by Morten Magelssen, Magne Supphellen, Per Nortvedt and Lars Johan Materstvedt, BMC Medical Ethics, 2016
The Norwegian researchers conducted an experiment to test whether ‘framing effects’ (question wording, order and context) had an effect on people’s views of euthanasia and assisted suicide.
Their conclusion is that “Stakeholders in the assisted dying debate need to acknowledge potential framing effects, and accordingly should interpret survey results with caution. The same holds for researchers who conduct attitude surveys in the field of bioethics.”
Researchers face particular challenges when performing research with this field, which include the following: First, medical end-of-life decision making is an extraordinarily complex activity. Complexity is further compounded by a great variety in terms, definitions and distinctions used in the clinical, ethical and juridical context as well as within the research itself. Second, the field is normatively charged, and partisans often cham- pion their own preferred set of terms, labels and distinctions. This phenomenon is also seen in AD laws; for instance, Oregon’s PAS law is called the “Death with Dignity Act”, avoiding direct reference to PAS and AD. Nor does the text of the law make use of any of these terms.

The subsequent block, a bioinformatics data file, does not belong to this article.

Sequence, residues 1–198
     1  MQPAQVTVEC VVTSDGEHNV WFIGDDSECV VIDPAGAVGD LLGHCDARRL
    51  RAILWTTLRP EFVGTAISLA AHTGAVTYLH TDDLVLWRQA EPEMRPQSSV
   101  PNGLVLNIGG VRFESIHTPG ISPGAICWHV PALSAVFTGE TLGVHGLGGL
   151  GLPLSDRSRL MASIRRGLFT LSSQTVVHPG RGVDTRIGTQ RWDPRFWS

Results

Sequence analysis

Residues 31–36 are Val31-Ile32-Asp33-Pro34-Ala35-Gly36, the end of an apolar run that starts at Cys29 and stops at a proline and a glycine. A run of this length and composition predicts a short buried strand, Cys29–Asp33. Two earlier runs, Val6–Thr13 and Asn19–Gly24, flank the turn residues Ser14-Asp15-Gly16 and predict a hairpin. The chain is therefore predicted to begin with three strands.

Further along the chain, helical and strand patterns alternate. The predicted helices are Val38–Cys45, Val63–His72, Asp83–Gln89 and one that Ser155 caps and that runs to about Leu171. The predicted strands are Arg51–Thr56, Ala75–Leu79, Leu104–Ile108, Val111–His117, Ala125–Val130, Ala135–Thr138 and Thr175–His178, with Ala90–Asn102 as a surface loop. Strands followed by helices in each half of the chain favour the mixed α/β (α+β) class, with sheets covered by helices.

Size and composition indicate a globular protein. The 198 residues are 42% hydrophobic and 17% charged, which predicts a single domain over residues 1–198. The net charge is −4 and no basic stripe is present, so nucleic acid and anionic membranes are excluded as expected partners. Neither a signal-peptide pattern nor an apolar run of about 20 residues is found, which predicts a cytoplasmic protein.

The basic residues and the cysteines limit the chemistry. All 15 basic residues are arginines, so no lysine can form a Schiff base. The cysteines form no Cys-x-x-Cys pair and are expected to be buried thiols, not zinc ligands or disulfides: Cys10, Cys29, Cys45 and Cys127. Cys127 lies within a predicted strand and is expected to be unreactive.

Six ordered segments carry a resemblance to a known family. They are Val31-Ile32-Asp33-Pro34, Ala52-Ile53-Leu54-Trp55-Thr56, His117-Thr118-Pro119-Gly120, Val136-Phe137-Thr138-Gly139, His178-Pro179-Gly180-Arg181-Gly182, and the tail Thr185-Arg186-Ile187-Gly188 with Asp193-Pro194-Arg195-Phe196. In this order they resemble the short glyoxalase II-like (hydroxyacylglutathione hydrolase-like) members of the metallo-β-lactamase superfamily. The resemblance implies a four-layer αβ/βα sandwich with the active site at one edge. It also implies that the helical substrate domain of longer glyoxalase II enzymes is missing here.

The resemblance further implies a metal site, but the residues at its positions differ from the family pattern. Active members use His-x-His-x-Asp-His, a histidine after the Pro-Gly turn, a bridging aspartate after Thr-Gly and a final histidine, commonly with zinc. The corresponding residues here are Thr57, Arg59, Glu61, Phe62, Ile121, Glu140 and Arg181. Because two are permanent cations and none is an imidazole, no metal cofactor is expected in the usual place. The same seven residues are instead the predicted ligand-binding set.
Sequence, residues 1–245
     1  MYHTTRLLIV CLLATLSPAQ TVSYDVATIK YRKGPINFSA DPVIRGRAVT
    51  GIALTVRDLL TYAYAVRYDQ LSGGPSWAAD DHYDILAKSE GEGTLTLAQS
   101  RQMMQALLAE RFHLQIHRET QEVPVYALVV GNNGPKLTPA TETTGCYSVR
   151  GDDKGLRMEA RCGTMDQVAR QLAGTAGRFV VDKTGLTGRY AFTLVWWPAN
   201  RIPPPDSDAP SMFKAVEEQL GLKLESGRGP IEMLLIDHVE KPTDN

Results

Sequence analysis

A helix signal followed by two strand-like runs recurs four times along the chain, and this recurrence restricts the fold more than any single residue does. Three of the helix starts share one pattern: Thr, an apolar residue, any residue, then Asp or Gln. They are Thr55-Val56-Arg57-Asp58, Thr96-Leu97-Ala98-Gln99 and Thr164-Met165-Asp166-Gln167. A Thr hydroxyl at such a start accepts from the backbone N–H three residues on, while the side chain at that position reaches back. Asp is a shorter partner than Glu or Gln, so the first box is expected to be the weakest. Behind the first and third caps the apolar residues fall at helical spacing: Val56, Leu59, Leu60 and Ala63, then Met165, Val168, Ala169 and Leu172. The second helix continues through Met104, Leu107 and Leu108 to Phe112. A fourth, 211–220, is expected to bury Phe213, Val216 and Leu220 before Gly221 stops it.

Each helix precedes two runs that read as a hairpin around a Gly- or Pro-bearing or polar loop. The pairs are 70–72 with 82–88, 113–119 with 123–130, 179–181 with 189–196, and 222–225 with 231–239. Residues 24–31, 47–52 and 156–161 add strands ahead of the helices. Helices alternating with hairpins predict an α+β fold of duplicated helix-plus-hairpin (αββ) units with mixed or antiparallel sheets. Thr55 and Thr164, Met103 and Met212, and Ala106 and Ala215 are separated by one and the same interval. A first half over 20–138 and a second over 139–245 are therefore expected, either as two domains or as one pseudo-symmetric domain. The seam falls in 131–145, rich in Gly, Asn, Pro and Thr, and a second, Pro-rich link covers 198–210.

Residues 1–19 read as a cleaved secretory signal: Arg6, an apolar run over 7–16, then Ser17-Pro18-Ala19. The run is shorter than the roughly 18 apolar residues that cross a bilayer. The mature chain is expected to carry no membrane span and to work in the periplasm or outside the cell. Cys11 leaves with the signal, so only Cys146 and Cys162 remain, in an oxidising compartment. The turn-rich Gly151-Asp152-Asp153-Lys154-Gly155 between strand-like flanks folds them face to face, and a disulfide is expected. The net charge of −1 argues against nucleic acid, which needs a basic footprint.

Both the complexity and the normative charge some- times cause confusion and misunderstanding among citizens, journalists and politicians, as well as among healthcare professionals. In the literature it is, unfortunately, uncommon for attitude surveys to take these issues sufficiently into account. Instead of stating detailed and unequivocal definitions of key concepts and using normatively balanced questions, questionnaires often employ euphemisms and leave crucial terms undefined.
Click here to read the full article.